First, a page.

Talk:Feminist Book Club for Men

From Noisebridge
(Difference between revisions)
Jump to: navigation, search
m (Reverted edits by (talk) to last revision by
(4 intermediate revisions by 3 users not shown)
Line 1: Line 1:
After the introduction, I'd like to have a discussion about this.
Beyond the general discourse, to say feminism is for everyone, this provides a radical intersectionality and functionally describes the organism of the space.
If that is unwelcome discourse. I think the epistemological underpinnings "Feminist Book Club for Men," have already set my critical eyes on a what I think will become a larger attempt to avoid--default essentialism. Then, you'd have bring butler into the equation and it could get messy.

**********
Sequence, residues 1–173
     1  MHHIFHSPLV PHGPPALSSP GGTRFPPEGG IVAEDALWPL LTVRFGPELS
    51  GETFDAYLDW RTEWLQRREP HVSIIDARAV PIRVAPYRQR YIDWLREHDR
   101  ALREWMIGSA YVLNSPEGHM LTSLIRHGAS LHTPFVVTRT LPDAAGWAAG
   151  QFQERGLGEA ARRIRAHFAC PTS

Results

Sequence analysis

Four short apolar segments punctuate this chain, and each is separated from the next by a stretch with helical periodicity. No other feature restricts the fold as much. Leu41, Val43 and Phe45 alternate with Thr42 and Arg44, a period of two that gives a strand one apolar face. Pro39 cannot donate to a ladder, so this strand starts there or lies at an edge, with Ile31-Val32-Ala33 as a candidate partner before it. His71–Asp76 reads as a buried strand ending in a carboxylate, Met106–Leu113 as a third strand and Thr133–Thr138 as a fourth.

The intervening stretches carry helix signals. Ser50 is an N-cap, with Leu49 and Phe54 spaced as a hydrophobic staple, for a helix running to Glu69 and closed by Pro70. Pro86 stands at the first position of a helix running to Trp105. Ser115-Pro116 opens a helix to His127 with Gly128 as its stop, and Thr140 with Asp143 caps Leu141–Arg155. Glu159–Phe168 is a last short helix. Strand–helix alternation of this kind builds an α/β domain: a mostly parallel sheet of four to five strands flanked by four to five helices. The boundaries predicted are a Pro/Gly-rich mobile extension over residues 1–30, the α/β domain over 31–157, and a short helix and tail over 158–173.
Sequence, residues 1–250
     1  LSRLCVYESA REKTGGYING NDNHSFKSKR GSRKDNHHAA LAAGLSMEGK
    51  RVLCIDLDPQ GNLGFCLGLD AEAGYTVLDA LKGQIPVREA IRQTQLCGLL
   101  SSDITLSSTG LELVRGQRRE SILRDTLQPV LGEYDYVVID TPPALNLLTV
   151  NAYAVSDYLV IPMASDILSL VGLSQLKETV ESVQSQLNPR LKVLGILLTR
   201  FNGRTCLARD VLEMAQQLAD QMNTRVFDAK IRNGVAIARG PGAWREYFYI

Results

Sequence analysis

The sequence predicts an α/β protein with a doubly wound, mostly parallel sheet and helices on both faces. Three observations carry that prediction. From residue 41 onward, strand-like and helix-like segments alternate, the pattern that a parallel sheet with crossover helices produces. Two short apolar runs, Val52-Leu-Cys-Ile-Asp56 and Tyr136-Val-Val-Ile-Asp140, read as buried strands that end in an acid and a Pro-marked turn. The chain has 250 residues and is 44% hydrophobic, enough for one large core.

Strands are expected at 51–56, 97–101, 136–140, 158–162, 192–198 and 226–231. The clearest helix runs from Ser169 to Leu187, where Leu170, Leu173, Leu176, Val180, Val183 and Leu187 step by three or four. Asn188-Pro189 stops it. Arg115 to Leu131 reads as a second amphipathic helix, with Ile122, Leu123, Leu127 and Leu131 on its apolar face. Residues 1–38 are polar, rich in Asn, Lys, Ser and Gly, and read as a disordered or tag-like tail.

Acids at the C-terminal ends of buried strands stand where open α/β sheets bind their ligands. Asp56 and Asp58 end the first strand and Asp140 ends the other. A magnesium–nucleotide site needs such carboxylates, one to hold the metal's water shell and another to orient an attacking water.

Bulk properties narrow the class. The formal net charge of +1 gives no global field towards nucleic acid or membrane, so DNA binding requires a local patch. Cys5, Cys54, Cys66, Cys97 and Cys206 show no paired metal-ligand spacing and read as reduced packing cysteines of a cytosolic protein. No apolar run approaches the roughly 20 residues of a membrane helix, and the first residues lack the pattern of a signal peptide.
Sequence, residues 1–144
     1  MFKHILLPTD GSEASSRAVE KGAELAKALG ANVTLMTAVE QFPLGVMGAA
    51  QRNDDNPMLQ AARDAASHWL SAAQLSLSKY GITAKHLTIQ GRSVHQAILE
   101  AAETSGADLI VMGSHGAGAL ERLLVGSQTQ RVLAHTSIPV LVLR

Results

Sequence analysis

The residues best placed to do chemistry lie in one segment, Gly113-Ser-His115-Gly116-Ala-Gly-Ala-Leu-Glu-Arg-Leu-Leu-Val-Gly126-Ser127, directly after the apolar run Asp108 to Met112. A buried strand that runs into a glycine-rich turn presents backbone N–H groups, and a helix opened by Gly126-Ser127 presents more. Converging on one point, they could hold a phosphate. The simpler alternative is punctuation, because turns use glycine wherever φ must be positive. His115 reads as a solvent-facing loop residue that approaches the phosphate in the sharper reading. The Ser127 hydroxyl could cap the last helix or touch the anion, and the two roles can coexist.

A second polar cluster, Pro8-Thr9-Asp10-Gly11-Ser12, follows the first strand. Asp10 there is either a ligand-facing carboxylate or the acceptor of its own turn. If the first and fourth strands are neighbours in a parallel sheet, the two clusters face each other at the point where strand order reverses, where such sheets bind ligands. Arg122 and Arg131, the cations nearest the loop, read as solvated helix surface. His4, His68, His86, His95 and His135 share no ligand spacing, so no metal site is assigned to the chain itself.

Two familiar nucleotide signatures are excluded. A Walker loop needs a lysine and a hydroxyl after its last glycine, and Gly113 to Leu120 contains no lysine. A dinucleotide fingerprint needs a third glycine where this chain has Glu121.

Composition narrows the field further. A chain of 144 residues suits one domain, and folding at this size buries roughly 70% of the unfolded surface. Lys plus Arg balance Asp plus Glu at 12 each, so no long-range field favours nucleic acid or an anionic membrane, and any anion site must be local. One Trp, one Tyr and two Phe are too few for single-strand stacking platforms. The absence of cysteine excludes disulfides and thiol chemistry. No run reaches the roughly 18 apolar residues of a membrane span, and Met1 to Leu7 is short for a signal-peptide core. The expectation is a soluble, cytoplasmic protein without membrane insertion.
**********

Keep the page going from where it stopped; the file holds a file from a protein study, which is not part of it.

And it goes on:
Or you could springboard the hacking of our bodies, environment, tools and fire and redirect the question about not misogyny, but a question of who is allowed to speak, why? What is appropriate to do with one's body and mind and why? Why is it that we functionally police each other  just for the very fact we are.
Questions of ontology or being. A border question vacuous to any genology of our body parts.
I'd like to have this kind of discussion.
But, I know there is a significant gender disparity in the tech industry. However, the root cause is pedagogical. The functional creation of how we become to learn from an early age. It's only those few with great courage that escape it.
But again, it's a structural pedagogical issue.
Here is where the disparity happens:
Feminist Reading on Paulo Freire: Freire’s Pedagogy as Feminist Pedagogy
Please exclude my grammar.

Latest revision as of 00:57, 9 January 2014

Personal tools